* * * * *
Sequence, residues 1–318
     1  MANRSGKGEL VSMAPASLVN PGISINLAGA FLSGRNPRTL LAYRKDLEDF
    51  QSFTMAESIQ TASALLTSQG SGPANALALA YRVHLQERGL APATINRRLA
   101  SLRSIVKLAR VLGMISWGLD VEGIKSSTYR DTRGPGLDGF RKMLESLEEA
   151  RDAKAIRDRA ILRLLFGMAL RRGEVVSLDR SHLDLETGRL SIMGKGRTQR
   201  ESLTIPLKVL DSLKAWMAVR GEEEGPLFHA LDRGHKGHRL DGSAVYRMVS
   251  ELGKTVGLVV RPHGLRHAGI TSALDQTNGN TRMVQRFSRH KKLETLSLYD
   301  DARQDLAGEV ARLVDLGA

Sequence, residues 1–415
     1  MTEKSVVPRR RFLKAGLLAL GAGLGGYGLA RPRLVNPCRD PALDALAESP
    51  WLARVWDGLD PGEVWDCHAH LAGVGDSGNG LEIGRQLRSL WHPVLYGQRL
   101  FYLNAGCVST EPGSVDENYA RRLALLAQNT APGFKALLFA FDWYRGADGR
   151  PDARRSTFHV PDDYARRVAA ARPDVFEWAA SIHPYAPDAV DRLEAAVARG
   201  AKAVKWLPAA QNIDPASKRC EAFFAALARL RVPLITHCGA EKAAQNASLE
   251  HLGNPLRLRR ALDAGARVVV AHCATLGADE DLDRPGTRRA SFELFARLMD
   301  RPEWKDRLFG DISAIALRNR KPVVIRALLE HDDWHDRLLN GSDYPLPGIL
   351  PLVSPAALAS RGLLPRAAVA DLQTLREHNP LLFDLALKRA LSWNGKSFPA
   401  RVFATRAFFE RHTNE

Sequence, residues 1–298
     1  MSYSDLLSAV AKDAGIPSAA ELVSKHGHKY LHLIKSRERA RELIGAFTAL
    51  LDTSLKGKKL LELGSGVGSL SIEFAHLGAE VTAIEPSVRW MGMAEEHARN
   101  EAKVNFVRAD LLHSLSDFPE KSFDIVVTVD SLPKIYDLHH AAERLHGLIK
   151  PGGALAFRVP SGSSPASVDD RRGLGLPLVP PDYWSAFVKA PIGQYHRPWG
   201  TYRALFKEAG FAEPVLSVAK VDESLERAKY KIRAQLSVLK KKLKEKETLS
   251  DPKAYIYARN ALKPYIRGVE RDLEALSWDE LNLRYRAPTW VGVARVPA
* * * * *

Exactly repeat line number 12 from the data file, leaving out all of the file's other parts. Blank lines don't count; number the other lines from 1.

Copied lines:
   101  FYLNAGCVST EPGSVDENYA RRLALLAQNT APGFKALLFA FDWYRGADGR